The baptismal story of Mark, though, is the Gospel’s way of telling us that whatever else he may have been, Jesus was one of us. In presenting us with a messiah who goes through the process of baptism, the Gospel tells us that in Jesus, God himself entered fully into the human condition. Jesus, the Son of God, bore the effects and marks of sin.

“But wait!” you say. “Jesus didn’t sin!”

No, he didn’t. But he took on all the freight of sin and bore its consequences. Even though he didn’t do it, he paid for it.

You know what that looks like. Think of the woman who has never had a drop of alcohol in her life. She is a real tee-totaler. Driving home from work, she gets plowed into by a fellow who’s three sheets to the wind and she, who never drank, winds up in a rehab facility for three months, learning how to walk again. She, who abstained, bears the effects of alcoholism.

Or you, who are, presumably, either a man or a woman. And let’s say that you’ve never in your life had an impure thought about the opposite sex. You have always thought of people with grace and kindness and goodness in your heart. But still, when you are with others, you must be aware of the fact that not everyone is like that. The sins of gender conflict, sexism, and sexual violence affect everyone in some way or another.

Jesus’ willingness to go to John for baptism is an indicator that he was fully aware of the effects of sin in the world and that he was entirely prepared to live with those effects – even when he himself was not a sinner.

Those effects included having to put up with the denseness of his friends and followers and the limitations of their ability to process his message.

His motives and purposes were questioned at every turn. Almost everything he said or did was misread or misinterpreted by people who thought that they had power.

Jesus bore the weight of sin when he was forced to watch people that he loved, people that he cared about, people that he created – go through great pain, suffering, and death.

Even though he himself did not sin, Jesus was forced to undergo violent treatment and torture and endure the distortion of his own, sinless, flesh. And, of course Jesus died. He really died. He didn’t seem to die, pretend to die, or look like he died. He died.

Jesus, the son of Mary, the Son of God, was really a human being. He was really baptized. He really died. He was really resurrected from the dead.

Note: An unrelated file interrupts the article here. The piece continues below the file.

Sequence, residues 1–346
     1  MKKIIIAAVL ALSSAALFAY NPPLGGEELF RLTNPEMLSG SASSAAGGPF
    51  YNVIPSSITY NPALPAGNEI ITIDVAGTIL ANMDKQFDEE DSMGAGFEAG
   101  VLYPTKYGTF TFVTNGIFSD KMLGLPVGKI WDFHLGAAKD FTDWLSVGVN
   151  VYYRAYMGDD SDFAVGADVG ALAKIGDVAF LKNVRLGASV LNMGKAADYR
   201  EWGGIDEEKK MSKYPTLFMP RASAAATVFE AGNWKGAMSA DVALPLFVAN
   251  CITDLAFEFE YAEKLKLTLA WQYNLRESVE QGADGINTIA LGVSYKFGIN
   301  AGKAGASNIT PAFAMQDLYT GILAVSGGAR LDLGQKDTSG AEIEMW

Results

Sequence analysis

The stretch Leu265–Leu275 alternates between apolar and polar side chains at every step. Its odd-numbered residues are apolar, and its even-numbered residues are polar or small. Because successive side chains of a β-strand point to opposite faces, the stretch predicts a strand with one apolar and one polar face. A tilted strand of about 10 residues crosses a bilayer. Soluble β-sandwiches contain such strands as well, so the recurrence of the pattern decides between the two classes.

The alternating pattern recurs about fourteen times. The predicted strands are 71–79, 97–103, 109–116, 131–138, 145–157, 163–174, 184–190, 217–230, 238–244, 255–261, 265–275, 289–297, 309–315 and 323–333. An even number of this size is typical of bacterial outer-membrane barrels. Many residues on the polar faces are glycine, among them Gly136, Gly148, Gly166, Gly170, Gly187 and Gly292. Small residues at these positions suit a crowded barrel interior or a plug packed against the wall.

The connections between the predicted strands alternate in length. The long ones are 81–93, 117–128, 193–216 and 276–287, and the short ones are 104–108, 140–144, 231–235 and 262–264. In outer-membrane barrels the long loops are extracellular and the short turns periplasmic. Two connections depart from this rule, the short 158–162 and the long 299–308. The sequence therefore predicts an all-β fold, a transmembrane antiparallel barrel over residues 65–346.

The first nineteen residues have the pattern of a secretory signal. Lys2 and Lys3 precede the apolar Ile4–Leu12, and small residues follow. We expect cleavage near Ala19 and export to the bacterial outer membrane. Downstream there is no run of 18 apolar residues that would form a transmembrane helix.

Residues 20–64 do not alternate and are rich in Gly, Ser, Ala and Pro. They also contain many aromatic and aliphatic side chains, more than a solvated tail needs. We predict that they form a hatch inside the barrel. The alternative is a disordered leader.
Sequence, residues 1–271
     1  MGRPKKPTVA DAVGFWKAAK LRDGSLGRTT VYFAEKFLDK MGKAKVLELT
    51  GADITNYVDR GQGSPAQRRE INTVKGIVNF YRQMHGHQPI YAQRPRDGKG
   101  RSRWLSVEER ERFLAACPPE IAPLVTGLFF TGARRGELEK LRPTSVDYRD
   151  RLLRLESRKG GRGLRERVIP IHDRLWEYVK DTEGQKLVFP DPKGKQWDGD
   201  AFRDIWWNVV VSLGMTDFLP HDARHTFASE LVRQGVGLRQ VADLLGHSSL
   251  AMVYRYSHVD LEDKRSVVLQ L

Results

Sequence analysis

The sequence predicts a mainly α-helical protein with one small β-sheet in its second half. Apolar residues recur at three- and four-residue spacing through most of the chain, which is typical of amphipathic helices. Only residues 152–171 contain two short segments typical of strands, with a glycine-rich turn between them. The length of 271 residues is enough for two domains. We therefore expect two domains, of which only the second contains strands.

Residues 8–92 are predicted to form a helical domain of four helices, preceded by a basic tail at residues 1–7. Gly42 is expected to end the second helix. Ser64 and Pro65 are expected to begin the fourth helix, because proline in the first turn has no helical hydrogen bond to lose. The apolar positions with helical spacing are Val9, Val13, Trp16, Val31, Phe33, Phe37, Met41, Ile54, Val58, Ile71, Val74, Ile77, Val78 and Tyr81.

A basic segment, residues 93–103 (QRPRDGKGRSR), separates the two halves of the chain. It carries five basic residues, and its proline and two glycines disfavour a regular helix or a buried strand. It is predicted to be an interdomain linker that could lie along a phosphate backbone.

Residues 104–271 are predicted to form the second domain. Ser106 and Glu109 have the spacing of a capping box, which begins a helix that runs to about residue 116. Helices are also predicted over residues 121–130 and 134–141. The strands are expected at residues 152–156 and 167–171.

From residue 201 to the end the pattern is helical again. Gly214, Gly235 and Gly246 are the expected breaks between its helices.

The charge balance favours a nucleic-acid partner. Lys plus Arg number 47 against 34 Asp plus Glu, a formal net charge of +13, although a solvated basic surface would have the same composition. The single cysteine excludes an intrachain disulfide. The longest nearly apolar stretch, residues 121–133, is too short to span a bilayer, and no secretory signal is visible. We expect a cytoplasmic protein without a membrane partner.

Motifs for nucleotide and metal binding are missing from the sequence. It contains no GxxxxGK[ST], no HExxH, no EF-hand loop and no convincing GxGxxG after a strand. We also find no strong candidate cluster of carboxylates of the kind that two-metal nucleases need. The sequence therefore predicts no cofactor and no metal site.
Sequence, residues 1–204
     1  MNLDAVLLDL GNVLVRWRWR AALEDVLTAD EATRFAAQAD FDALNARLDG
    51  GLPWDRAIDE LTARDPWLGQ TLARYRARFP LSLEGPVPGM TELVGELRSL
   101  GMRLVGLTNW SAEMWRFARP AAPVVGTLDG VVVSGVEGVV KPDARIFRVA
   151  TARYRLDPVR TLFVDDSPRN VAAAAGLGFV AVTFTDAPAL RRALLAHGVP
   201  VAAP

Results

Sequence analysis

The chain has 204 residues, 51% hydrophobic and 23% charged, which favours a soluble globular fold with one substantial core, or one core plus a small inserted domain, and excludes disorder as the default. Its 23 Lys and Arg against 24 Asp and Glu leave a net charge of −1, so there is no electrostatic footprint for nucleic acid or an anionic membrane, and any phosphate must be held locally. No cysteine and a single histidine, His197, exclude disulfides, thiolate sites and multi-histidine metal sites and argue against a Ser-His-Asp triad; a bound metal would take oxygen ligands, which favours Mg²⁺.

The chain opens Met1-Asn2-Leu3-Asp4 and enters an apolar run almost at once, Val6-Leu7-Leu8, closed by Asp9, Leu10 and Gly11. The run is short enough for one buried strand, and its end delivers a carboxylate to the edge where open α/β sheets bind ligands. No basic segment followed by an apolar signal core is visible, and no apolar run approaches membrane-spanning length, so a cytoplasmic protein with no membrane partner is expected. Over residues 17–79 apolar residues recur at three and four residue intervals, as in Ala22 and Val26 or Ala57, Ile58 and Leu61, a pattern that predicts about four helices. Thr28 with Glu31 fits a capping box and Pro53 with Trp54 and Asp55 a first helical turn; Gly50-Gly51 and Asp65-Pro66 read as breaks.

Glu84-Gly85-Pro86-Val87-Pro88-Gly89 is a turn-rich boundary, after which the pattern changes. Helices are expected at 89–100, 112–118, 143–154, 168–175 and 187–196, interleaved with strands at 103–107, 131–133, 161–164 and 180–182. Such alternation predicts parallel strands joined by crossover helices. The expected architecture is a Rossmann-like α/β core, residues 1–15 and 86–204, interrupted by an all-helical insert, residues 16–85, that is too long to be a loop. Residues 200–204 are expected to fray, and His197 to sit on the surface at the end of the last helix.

And because Jesus, the son of Mary, the Son of God, was fully human, that means that I can be fully human, too.

There is no part of my life that I need to hide from God. There is nothing about me that makes God scratch God’s head (or whatever it is that God does when and if God wonders) and think, “Hmmm. Well, that little bit of humanity is just too much for me. I’ll never figure those little rascals out.” Because Jesus is human, Jesus “gets” me. Thanks be to God, Jesus knows who I am, what I’m about, where I’m stained, how I’m bent, and what kinds of pathetic behavior I’ve thought about or done…and he loves me anyway.

Is Jesus God? Yes, yes he is, in the sense that he is an eternal, creative, loving presence that participates in all that is, and has been, and will be. That is indeed Good News.

The Gospel reading for today gives us even better news: that Jesus is human. In the person of Jesus, I am presented with a model, a hope, a reality that declares that my earthly existence matters. By entering fully into humanity, God has declared that this life matters, too.

When I was in High School, I was in the marching band. During the football games, we would go out onto the field and move around in shapes and patterns while we played. The one thing that we all had to learn to do was “Mark time”. If you were in the marching band, your feet were supposed to be moving – even if you weren’t going anywhere. So I played a lot of trombone while I was pretending to march.

Listen: we are not just marking time in this life. We are not sent to this earth to simply wait for heaven, where we get in on the “real” action. Jesus is human.

Your body is good. The creation is good. What we do with these bodies and in this world – it matters.

Because God in Christ honored the body by having one of his own, I am compelled to love myself, and others, and the world the way that I would love Jesus were he here beside me. Because God in Christ has honored the body by having one, we can dwell with the encouragement that is offered by Psalm 29. The same Psalm that describes the amazing strength and power of God concludes with this blessing:

May the Lord give strength to his people!

May the Lord bless his people with peace! (Psalm 29:11, NRSV)

In Jesus Christ, that’s exactly what God has done. The power that shakes mountains and breaks cedars and flashes fire and strips the forest bare and thunders over the waters is with us…and on us…and in us…and for us.

I want to live as if I believe that that is true. For me, for you, and for those that I continue to think of as “them.”

Jesus, the Son of Mary, the Son of God, has come to enter fully into our reality. Thanks be to God for the promises that brings. Now, may we have the strength and the courage to enter fully the reality into which we are sent. Amen.